Pollock: Compressed-gas diving prior to freediving certainly increases the theoretical risk. High tissue concentrations of inert gas after compressed-gas dives could make the impact of the freediving important. While no experimental evidence exists, bubbles produced following the compressed-gas dive could migrate to more sensitive tissue when transiently compressed by the freedive. Similarly, the physiological stress of freediving could enhance pulmonary shunting, potentially increasing the risk or frequency of bubbles entering arterial circulation. The hazard might be greatest in the first part of the freedive when both bubble size and physical effort would be relatively high or at the end of the freedive if augmented shunting continued. Again, though, there is no evidence of these factors causing injury. Studying a relatively rare event like DCS is difficult; studying a second rare event on top of the first is much more difficult.

What is the nature of neurological symptoms reported in breath-hold divers?

Wong: Symptoms after breath-hold dives appear to affect the central nervous system more frequently than symptoms that follow scuba dives. The most common are vertigo, nausea, vomiting, paresthesia, muscular weakness and paralysis. Others include impaired concentration, lethargy, speech disturbance and altered level of consciousness. Musculoskeletal or joint pain appears uncommon.

Pollock: A key feature of the neurological symptoms reported by freedivers is the transient nature. This could be consistent with the lower gas loads associated with freediving exposures and the faster compression and decompression rates freedivers experience. It is tempting to think that we understand decompression hazards based on the wealth of compressed-gas data, but this includes relatively little at the high descent and ascent rates — on the order of 6 feet per second — commonly employed by freedivers.

What is the risk of neurological accidents in breath-hold diving, and how could it be mitigated?

Wong: The common factors causing neurological symptoms include breath-hold dives in excess of 66 feet, repetitive dives over the course of three hours or more and short surface intervals. If time spent at depth is more than double the time on the surface, even a series of repetitive dives lasting less than three hours would risk DCS. To avoid an increased risk of DCS, breath-hold divers should limit the number of repetitive dives and keep the surface interval time greater than the dive time.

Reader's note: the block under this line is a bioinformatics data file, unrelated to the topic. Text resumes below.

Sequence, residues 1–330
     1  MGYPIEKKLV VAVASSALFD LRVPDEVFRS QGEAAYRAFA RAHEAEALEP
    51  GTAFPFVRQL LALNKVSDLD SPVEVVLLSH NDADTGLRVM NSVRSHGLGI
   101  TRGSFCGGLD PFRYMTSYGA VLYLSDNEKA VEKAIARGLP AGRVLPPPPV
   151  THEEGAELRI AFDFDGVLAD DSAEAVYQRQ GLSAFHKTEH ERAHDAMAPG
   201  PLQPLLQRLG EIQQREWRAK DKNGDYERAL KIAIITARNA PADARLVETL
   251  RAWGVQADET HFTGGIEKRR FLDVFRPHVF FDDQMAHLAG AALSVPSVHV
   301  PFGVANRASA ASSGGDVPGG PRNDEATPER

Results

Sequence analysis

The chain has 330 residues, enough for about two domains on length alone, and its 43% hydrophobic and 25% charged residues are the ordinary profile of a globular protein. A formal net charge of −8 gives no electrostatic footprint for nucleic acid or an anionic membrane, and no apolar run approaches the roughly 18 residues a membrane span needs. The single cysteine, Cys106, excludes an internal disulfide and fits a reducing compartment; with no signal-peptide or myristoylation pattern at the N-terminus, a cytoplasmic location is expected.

Pollock: Neurological compromise in freediving may result from hypoxic loss of consciousness, decompression-induced insult or other problems. A battery of strategies should be employed to reduce the hazard.4 First, freedivers must understand and limit predive hyperventilation; it works to extend breath-hold time but can completely remove normal protections against loss of consciousness. Freedivers should also employ defensive weighting, establishing empty lung neutral buoyancy at 16 feet, or deeper with deeper dives.

Adequate supervision to address incidents immediately is also critical. Direct supervision by a partner or partners should be maintained throughout a breath-hold dive and for 30 seconds postdive to ensure stable consciousness. The complexity of the support network increases with dive depth and other complications such as low visibility. Automatic surfacing devices have the potential to reduce the life risk under a range of conditions. The risk of DCS is reduced by separating freediving and compressed-gas diving and by maintaining a minimum surface interval between dives. The surface interval should start at twice the duration of the dive time and increase as a function of the exposure depth.
Meet the Experts
Neal W. Pollock, Ph.D., is a research director at DAN and a research associate at the Center for Hyperbaric Medicine and Environmental Physiology, Duke University Medical Center, in Durham, N.C.

Robert M. Wong, M.D., FANZCA, was an anaesthesiologist at the Royal Perth Hospital and a medical director in the department of diving and hyperbaric medicine at Fremantle Hospital in Australia. He is a diving medicine consultant to the Australian pearling industry.
References
  1. Gemp and Blatteau. Aviat Space Environ Med. 2006; 77:971-3.
  2. Fitz-Clarke JR. "Risk of decompression sickness in extreme human breath-hold diving." Undersea Hyperb Med. 2009; 36(2): 83-91.
  3. Paulev P. "Decompression sickness following repeated breath-hold dives." J Appl Physiol. 1965; 20(5):1028-31.
  4. Pollock NW. "Breath-hold diving: physiology and safety." Diving Hyperb Med. 2008; 38(2): 18-25.

© Alert Diver — Spring 2011